Here, next to Jean-Paul Belmondo, in the film Borsalino, is Alain Fabien Maurice Marcel Delon, one of the biggest celebrities of modern-era world cinema — and almost certainly the brightest foreign movie star in old USSR circa the time of its protracted decline and slide into non-existence; the idol of two or three generations of Soviet women.
Kind of ludicrously good-looking, no? Perhaps, had he been a smidgen less pretty, he might have been taken more seriously as an actor. But then, who knows. In any event, I don’t believe he’d need my commiseration, of all people, on any conceivable account.
One of the mega-hits of the late-Soviet era, “Gaze from the Silver Screen,” dedicated to the doleful destiny and ill-starred personal life of an ordinary Soviet young girl, had the lyrics featuring prominently this refrain: “Alain Delon speaks French. Alain Delon speaks French. Alain Delon, Alain Delon doesn’t drink cologne. Alain Delon, Alain Delon drinks double bourbon.”
Lots of men in the Soviet Union used to drink cologne, you see, to the distinct displeasure and perpetual heartbreak of Soviet women — and they continue to do so, with the same unflagging enthusiasm, even in the new, post-Soviet, capitalist Russia, where there is no shortage of alcohol beverages on ready offer to suit anyone’s purchasing ability.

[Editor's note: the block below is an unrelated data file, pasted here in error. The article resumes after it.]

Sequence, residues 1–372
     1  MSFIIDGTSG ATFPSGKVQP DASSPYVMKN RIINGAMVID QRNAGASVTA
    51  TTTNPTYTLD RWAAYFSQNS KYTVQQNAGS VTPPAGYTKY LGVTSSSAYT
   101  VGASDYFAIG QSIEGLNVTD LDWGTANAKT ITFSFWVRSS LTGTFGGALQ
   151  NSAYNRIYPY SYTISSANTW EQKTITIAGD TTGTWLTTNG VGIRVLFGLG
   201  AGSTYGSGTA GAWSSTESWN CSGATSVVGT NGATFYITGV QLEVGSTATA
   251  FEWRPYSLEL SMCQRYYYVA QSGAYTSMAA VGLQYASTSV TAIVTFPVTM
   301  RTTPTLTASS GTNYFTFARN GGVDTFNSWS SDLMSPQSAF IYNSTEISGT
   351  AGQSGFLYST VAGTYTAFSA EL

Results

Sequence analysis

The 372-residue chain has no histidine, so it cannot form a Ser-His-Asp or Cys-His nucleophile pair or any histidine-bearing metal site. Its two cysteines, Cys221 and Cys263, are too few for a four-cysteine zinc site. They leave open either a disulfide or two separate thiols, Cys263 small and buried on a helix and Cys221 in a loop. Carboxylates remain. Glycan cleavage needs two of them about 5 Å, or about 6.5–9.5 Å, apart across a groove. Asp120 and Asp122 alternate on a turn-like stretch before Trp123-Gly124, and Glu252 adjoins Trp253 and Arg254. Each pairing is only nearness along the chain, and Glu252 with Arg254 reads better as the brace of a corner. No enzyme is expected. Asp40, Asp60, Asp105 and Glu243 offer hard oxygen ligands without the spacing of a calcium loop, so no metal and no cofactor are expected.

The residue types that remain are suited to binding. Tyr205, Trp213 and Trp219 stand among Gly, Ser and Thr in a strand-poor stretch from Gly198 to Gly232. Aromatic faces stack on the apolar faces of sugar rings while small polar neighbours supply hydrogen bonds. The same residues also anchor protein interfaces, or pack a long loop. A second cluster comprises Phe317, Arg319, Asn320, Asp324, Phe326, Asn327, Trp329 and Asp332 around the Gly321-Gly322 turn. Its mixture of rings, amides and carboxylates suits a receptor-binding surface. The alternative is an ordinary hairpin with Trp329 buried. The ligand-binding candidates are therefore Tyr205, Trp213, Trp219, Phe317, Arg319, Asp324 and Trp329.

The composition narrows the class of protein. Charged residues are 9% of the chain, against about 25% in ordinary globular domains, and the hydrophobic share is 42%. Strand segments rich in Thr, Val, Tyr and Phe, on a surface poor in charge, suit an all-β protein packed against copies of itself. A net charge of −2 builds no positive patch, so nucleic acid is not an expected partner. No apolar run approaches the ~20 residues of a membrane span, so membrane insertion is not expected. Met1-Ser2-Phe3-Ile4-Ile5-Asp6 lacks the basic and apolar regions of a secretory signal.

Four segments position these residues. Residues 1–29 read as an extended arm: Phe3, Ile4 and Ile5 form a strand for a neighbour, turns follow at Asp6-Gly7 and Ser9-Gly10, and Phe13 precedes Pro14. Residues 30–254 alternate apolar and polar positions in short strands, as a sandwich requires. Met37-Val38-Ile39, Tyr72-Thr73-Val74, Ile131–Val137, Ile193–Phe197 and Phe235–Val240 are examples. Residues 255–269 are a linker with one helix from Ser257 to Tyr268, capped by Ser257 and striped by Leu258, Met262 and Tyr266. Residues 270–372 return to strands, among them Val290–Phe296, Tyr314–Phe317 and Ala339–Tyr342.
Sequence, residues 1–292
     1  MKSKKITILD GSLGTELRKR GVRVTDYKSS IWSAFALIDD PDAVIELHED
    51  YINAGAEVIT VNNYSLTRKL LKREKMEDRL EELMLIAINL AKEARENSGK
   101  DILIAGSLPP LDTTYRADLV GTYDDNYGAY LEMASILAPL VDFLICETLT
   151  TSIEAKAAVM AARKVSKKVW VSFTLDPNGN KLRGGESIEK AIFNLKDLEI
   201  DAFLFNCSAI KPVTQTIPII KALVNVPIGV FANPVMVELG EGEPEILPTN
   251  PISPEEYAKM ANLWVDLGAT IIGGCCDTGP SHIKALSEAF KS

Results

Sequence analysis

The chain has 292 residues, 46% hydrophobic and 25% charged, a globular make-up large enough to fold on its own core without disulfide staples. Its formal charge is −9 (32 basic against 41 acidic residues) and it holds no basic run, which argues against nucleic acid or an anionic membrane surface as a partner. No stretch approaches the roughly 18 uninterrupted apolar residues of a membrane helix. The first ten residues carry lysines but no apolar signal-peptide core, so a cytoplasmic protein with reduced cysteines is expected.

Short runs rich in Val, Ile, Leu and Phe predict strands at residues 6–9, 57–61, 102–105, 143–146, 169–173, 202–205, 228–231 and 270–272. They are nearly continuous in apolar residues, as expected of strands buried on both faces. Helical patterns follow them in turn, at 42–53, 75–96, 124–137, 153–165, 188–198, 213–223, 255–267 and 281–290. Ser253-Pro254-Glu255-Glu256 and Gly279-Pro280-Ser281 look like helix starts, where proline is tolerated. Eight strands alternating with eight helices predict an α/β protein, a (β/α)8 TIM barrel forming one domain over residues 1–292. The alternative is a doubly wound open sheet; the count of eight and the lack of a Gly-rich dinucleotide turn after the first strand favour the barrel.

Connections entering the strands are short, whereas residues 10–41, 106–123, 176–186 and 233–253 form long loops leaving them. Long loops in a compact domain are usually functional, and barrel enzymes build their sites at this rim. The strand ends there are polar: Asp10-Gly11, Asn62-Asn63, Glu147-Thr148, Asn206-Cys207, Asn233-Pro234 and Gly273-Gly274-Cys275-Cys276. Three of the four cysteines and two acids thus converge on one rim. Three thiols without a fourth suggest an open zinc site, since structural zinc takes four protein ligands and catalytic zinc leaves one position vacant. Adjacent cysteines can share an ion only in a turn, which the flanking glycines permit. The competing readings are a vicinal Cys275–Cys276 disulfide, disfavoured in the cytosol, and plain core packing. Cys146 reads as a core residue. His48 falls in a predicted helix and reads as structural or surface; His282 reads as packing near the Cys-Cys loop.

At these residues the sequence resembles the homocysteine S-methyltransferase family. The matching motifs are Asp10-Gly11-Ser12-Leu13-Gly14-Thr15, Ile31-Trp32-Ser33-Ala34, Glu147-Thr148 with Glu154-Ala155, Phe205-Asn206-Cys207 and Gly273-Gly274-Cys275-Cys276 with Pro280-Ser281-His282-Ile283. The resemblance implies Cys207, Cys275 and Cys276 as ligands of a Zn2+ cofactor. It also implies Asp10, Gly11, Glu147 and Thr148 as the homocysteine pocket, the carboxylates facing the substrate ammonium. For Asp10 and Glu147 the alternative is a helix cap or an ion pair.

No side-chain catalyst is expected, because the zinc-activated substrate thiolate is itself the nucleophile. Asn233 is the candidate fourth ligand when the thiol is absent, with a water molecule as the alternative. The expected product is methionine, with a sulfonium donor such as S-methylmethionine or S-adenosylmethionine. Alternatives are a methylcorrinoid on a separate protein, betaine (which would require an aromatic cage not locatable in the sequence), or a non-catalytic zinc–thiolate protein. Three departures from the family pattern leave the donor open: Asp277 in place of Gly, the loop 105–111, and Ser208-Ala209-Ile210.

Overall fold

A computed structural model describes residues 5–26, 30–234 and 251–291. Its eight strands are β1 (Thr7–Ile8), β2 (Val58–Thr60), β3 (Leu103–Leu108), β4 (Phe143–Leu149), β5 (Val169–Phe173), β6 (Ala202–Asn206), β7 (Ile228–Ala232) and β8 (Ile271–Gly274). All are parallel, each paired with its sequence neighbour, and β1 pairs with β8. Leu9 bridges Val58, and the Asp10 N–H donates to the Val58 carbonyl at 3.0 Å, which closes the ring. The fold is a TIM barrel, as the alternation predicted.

Why drink cologne? Because it’s cheap, and because it gets one wasted off one’s ass (as they say in French) in super-hurry.
Alain Delon, instead, drinks double bourbon, apparently. For two reasons: because, in Russian, it rhymes with cologne, and also because, in the Soviet mind, this drink, bourbon, with its distinct old-royal overtones, represented the utmost degree of consumptive opulence and refinement. Many in the state of Kentucky, and beyond, would’ve been surprised to hear that; but there you have it.
I, too, on one occasion, back in my college-days of youth, took a hearty swig of cologne. It was a harrowing experience, and I wouldn’t wish it upon anyone.
Not proud of myself. Not one little bit.
But it does obliterate you in a hurry.
This was deep in the heart of Leningrad Region’s less civilized parts, during the cold month of October, spent, as the majority of Soviet college students were obligated to do, on the so-called “agricultural-assistance duty,” in a large and perfectly woebegone and booze-bedeviled potato-growing village some 300 kilometers due north from Leningrad, “helping” (quotation marks here meant to denote a high degree of irony) the permanently incapacitated local “kolkhozniks” to harvest the late-fall crop of tiny, mushy, sleaze-covered, thoroughly off-putting and barely edible potatoes.
The cologne in question was called “Russian Forest.” It was considered to be one of the tastier colognes in the country. I didn’t drink it straight from the bottle, but rather from my personal, multi-dented aluminum teacup. Before consuming the liquid, we — my fellow future engineers and I — did as we’d been told by the experienced hands from among the local populace: we “treated” it, by way of submerging in it a large red-hot nail, thus causing some of the innumerable chemical additives and aromatic oils therein to crystallize at once into a slew of bluish, oddly-shaped snowflakes and fall forlornly to the bottom of the cup in layers of poisonous sediment, leaving the main body of the drink relatively transparent and a little (not a lot) less awful to look at.
As for double bourbon, I’ve had it, too, and it is, admittedly, a serious drink, but it still is mere child’s play next to a large mouthful of good old Soviet cologne.